The Puerto Rico Aqueduct and Sewer Authority will increase rates, change water meters and take other steps to raise $1 billion over five years to address growing expenses.
The board’s fiscal plan includes a 4.95% increase in the base charge in fiscal 2023 and a 2% increase in consumption charges from fiscal 2023 to fiscal 2027, PRASA Infrastructure Director Alejandro Figueroa said. Together, these should generate $370 million.
A meter replacement program will improve billing, reduce water theft, metering inaccuracy, and commercial water losses, Figueroa said, and should generate $76 million for the authority.
The authority also expects to take steps to reduce electrical costs by $52 million and reduce physical water loss to save $31 million.
Finally, the fiscal plan anticipates $462 million in federal funds for capital works. Some of these will be loans and some grants.
These steps were incorporated in the PRASA fiscal plan the Puerto Rico Oversight Board approved 5-0 at Friday’s public meeting. Board Members John Nixon and Betty Rosa were absent.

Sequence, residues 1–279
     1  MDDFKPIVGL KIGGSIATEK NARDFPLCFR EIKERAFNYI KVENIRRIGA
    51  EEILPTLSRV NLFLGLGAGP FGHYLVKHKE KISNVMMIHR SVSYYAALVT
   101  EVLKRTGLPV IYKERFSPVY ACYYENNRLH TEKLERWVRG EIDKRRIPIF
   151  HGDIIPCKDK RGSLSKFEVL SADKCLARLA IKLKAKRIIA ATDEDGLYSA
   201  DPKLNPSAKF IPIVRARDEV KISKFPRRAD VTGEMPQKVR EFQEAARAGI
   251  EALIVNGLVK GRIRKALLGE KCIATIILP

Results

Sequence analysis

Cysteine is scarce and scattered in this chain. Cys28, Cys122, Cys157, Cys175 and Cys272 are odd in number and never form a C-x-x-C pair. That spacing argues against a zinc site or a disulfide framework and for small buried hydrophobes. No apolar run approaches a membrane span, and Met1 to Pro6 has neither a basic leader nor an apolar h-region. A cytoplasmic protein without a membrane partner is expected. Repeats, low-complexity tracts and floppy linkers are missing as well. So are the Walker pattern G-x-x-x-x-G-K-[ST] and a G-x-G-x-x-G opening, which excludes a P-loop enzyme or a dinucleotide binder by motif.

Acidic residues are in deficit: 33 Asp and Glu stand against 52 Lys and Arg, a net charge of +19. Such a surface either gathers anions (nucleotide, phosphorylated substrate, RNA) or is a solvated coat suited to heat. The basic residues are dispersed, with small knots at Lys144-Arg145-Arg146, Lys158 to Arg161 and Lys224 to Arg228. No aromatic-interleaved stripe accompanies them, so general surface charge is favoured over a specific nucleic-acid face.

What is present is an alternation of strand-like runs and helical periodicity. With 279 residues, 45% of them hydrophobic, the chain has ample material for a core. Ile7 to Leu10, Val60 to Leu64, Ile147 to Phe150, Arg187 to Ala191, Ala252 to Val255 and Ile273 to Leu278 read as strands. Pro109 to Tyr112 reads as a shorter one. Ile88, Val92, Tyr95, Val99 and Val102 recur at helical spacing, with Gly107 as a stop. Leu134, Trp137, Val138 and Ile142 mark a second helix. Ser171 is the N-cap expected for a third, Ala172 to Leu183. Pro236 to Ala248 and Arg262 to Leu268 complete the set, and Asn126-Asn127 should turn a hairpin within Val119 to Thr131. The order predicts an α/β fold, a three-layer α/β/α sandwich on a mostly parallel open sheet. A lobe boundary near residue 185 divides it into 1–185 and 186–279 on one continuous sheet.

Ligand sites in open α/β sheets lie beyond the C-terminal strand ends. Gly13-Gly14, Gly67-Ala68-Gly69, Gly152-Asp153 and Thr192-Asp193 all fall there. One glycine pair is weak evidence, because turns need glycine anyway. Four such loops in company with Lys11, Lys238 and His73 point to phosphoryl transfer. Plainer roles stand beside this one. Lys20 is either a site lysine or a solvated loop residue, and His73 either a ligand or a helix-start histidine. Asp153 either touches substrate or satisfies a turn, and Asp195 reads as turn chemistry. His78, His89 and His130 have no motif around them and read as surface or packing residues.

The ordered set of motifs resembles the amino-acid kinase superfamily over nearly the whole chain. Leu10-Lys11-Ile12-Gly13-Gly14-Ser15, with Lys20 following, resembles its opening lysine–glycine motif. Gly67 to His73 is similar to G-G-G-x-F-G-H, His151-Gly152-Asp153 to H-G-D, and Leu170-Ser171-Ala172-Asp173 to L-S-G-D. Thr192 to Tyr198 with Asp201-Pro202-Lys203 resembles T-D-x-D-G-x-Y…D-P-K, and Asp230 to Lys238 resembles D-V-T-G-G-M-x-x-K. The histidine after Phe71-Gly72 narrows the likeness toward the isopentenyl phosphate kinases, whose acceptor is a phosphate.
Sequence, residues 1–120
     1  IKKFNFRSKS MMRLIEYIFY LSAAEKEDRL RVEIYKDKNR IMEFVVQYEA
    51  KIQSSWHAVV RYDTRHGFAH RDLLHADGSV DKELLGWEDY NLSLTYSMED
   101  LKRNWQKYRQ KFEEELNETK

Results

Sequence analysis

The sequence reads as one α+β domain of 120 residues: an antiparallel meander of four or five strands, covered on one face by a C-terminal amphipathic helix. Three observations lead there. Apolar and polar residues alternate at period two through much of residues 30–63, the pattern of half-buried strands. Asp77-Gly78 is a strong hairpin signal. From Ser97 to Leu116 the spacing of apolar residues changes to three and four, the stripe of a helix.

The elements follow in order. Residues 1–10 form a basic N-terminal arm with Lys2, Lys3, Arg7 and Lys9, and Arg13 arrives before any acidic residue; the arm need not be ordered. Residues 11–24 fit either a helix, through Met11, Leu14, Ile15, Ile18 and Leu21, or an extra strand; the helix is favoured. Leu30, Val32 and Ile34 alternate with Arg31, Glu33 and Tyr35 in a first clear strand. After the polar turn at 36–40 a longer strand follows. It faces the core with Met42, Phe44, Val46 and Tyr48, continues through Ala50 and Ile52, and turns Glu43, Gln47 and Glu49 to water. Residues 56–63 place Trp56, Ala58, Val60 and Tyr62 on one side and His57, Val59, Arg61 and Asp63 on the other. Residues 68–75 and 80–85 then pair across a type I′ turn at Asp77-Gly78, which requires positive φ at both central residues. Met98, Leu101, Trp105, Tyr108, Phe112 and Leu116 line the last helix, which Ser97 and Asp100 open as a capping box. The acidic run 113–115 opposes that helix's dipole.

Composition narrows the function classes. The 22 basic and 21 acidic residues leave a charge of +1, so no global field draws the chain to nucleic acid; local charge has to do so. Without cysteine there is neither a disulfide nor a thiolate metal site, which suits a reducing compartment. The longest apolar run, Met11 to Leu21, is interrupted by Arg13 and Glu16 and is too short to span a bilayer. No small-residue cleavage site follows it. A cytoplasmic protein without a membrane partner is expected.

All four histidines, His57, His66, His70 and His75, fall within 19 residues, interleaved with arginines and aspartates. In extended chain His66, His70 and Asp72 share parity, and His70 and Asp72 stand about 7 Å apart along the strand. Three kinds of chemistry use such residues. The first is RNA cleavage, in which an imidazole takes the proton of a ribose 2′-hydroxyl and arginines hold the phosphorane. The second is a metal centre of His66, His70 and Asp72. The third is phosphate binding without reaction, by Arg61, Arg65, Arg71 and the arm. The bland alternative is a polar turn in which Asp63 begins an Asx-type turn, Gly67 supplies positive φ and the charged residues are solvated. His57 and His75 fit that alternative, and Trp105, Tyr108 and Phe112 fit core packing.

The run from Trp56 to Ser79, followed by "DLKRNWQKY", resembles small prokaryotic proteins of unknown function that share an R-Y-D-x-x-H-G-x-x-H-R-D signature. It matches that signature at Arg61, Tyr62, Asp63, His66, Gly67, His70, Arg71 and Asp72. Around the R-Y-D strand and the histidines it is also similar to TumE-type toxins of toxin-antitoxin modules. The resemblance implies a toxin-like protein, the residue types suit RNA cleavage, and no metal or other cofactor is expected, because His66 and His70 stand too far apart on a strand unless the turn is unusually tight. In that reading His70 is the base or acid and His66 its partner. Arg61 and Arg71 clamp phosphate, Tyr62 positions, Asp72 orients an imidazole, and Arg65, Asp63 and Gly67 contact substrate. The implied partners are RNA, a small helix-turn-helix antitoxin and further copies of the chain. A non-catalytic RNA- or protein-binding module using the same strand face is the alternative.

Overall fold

Figueroa told the board the authority’s gross operating expenditures are expected to increase 18% from the current fiscal year (2022) to fiscal 2027. While expenditures will increase each year, the biggest jump, 13.5%, is expected from the current fiscal year to fiscal 2023, which starts July 1. Inflation, energy price rises and supply-chain disruptions tied to geopolitical events are the biggest factors in the increases.
Of all the expense categories, payroll is expected to see the biggest dollar increase from the current fiscal year to fiscal 2027: $50 million, which Figueroa said is needed to improve recruiting and retention.
“PRASA is in many respects a success story,” said Board Chairman David Skeel. The authority has made a lot of progress since the board was founded in 2016, but certainly needs to address water loss.
Figueroa reported the authority does not receive payment for about 65% of water produced. This loss is through leakage and overflows as well as commercial losses from inaccurate metering and theft.
With the fiscal plan’s measures, the authority anticipates $800,000 in surplus through fiscal 2027. Without them, the authority would have a $1 billion deficit.
From fiscal 2015 to fiscal 2021 the authority’s capital improvement plan was “effectively suspended,” Figueroa said, leading to underinvestment in capital works. The fiscal plan the board approved Friday includes $765 million for the capital improvement fund from the current fiscal year to fiscal 2027.